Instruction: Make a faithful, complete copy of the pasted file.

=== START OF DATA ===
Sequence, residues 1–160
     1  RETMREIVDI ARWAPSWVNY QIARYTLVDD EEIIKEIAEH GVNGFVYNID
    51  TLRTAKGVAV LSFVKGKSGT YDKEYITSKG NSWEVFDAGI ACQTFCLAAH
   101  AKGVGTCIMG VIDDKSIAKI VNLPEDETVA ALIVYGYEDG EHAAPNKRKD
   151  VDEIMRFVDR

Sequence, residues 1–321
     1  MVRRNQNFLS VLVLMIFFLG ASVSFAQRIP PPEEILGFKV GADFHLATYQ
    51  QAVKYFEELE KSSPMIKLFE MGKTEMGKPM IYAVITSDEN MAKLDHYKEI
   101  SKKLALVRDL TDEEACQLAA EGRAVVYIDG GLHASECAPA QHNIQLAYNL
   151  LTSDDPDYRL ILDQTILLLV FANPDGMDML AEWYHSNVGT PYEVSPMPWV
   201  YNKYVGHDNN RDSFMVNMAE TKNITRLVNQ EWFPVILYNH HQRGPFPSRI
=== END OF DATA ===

Sequence, residues 1–160
     1  RETMREIVDI ARWAPSWVNY QIARYTLVDD EEIIKEIAEH GVNGFVYNID
    51  TLRTAKGVAV LSFVKGKSGT YDKEYITSKG NSWEVFDAGI ACQTFCLAAH
   101  AKGVGTCIMG VIDDKSIAKI VNLPEDETVA ALIVYGYEDG EHAAPNKRKD
   151  VDEIMRFVDR

Sequence, residues 1–321
     1  MVRRNQNFLS VLVLMIFFLG ASVSFAQRIP PPEEILGFKV GADFHLATYQ
    51  QAVKYFEELE KSSPMIKLFE MGKTEMGKPM IYAVITSDEN MAKLDHYKEI
   101  SKKLALVRDL TDEEACQLAA EGRAVVYIDG GLHASECAPA QHNIQLAYNL
   151  LTSDDPDYRL ILDQTILLLV FANPDGMDML AEWYHSNVGT PYEVSPMPWV
   201  YNKYVGHDNN RDSFMVNMAE TKNITRLVNQ EWFPVILYNH HQRGPFPSRI